Near the monument's park is the Gletschergarten or "Glacier Garden". You can see ancient glacier potholes caused when the last ice age ended. The potholes are outside, but the entire exhibit is covered with a permanent tent. You follow a path through the exhibit which tells you what you are looking at. The potholes were caused by the melt water that was flowing on the surface of the ice and seeping into cracks in the glacier. The pressure of the churning water, mixed with sand and small rocks, eroded these potholes within a few years. The largest pothole is 29.5 ft. deep and 16 ft. across. The cost to go in the park is CHF 9.-- (9 Swiss francs). Next to the Glacier Garden is a tall wooden tower that Debbie and I climbed. You get a nice view of the town but nothing great for pictures.

Die Hofkirche

Die HofkircheDie Hofkirche     After you leave the Glacier Gardens and go back down the hill toward the lake you will come to Die Hofkirche, Luzern's cathedral on a small hill just above the lakefront. The church, which was founded in 735, is dedicated to St. Leodegar (St. Ledger) and St. Mauritius (St. Maurice) who are the patron saints of Luzern. The cathedral is popularly called the Hofkirche (German) and is known locally as the Hofchile (Swiss-German). In 1633, the church was destroyed by a fire, with only the two Gothic towers (in picture at left and right) left standing. The church was rebuilt in the Renaissance style using the existing two towers. It gives the church a somewhat odd look with the two contrasting styles, Gothic (towers) and Renaissance (center facade). To go inside, you have to climb a monumental stairway. It is very spacious inside and done in the late Renaissance style. The chancel is enclosed by a wrought-iron grill. They have a large organ that was built in 1650 which contains 4,950 pipes. Outside the church they have an Italian style cloister containing some tombs of the old families of Luzern. The picture on the right shows a typical Central Switzerland house. It has a steep roof which overhangs the side to protect the windows. These houses are usually found in the countryside, but this is in the heart of the city. Of course, they also have window boxes.

Das Verkehrshaus der Schweiz

           A very popular tourist attraction and a must see if you are in Luzern is the Swiss Transportation Museum (Das Verkehrshaus der Schweiz). Opened in 1959, it is the most diverse museum in all of Europe covering the history of transportation in Switzerland. Debbie and I spent half a day in here. You can't walk here from the Old City (you could but it would be a hike), you have to take a bus or a boat across the lake (the bus will be quicker and cheaper but the boat is more scenic and fun). It is outside of the city along the Vierwaldstätter See. Along with it's many exhibits, they have an IMAX Theater and a Planetarium. In the Aviation and Space Travel exhibit they have 33 airplanes, including an old Swiss Air Fokker F.VIIa passenger airplane that was used in the 1940's.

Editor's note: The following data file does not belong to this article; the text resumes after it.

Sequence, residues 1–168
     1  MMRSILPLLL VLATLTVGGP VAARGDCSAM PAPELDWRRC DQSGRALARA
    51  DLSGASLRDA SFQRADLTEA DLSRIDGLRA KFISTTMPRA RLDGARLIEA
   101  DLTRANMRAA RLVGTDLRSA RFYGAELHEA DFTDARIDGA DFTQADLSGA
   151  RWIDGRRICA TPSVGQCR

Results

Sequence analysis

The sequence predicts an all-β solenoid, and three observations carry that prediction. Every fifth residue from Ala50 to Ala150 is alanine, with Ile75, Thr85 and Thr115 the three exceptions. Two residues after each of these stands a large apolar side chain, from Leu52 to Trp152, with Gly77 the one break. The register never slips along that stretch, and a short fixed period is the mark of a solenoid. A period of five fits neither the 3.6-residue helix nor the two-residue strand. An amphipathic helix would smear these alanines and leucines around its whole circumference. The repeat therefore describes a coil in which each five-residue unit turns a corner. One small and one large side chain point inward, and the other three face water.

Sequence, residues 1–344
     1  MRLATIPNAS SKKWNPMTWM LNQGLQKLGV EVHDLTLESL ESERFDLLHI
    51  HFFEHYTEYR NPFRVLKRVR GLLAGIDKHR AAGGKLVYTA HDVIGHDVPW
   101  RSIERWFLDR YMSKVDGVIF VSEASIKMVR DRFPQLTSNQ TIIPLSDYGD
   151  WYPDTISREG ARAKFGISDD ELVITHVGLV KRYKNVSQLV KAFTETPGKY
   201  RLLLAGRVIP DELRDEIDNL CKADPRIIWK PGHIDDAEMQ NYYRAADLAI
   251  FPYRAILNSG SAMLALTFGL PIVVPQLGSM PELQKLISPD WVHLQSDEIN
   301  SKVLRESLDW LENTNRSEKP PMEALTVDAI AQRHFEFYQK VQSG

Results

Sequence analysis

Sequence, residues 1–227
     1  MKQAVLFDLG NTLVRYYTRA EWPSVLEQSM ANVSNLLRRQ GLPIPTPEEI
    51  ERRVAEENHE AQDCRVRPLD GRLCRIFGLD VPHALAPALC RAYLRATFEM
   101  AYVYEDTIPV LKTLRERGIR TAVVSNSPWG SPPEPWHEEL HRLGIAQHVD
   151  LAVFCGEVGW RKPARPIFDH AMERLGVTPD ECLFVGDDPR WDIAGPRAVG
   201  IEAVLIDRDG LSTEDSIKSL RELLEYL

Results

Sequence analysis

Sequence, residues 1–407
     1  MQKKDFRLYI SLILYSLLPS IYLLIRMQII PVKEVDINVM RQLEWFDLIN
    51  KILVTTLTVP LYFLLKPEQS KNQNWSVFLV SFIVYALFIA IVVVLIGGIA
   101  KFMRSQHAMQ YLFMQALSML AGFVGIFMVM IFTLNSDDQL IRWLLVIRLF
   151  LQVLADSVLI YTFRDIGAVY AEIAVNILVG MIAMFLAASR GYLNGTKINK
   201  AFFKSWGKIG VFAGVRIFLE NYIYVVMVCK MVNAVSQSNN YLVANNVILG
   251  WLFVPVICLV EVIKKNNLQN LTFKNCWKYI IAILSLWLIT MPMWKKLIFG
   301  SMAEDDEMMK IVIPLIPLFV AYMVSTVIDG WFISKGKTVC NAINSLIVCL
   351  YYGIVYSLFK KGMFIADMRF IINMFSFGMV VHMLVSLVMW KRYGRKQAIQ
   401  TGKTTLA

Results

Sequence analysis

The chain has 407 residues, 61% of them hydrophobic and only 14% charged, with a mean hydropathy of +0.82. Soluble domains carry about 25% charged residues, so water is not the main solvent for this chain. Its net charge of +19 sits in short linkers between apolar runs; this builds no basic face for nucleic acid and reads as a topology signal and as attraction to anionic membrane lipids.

They have a collection of about 40 automobiles and 50 motorcycles on the ground floor. They have a 1877 Genevese Thury-Nussberg motorcar, a 1908 Zürich taxi, a 1968 Lamborghini and my favorite, a 1933 Mercedes Benz Silver Arrow. They also have numerous sleighs above in the mezzanine.

Locomotive Engine 705          In the Rail Transport exhibit fills two halls and a square. They have around 60 railway vehicles, including locomotives, some of them that you can climb up on and go into. The oldest locomotive dates back to 1858.

The locomotive shown in the photo on the left, Engine No. 705, was a favorite of mine. It has a very sleek and elegant style reminding me of the locomotive from the movie, Murder on the Orient Express. It's a SBB A 3/5 4-6-0 four-cylinder compound locomotive. Between 1902 and 1922, 110 locomotives of this type were built by the Swiss Locomotive Works in Winterthur (northeast of Zurich) for the Jura-Simplon Railway, which ran to the French border as well as the Gotthard Railway, which ran toward Germany.  Later, both railways combined and then joined the Swiss Federal Railways (Schweizerische Bundesbahnen) - the SBB. This locomotive, No. 705, has been preserved and is still in working order.

        One of it's more interesting exhibits is "The Gotthard Tunnel Show". It's a 30-minute ride that simulates a construction train during the building of the Gotthard Tunnel. It has dioramas telling you about the life of the people who built the tunnel.

       The construction of the Gotthard Rail Tunnel represents the achievement of a century and in its day the Gotthard tunnel was Switzerland's largest construction site by far. It connects the towns of Göschenen with Airolo. Construction of the 9 mile long tunnel began in 1871. The two ends of the tunnel broke through and met on February 29, 1880 and by the end of March 1882, train service between Luzern and Milan had started. The highest point in the tunnel is 3,776 ft. above sea level. Over 200 workers died in the construction. Even the Swiss engineer Louis Favre, who was surveying construction, suffered a fatal heart attack inside the tunnel in 1879. A strike of the workers in 1875 was crushed by military force, killing four and wounding 13.

        I found the "Gotthard railway model" especially interesting also. It is a large model train layout depicting the northern entrance to the St. Gotthard Tunnel. It was built in 1959 and is quite large. The model shows the station of Erstfeld, the two imposing bridges over the Chärstelenbach and the Intschireuss and finally the three helical tunnels near Wassen. The layout is 18 feet wide and over 42 feet long. The exhibit has 1,148 feet of track and has 16 trains operating simultaneously.

        There is another exhibit on paddle-wheel steamships that still transport people on the lake. An old paddle-wheel steamship called the Rigi, built in 1847, is in the museum courtyard and is used as a self-service restaurant.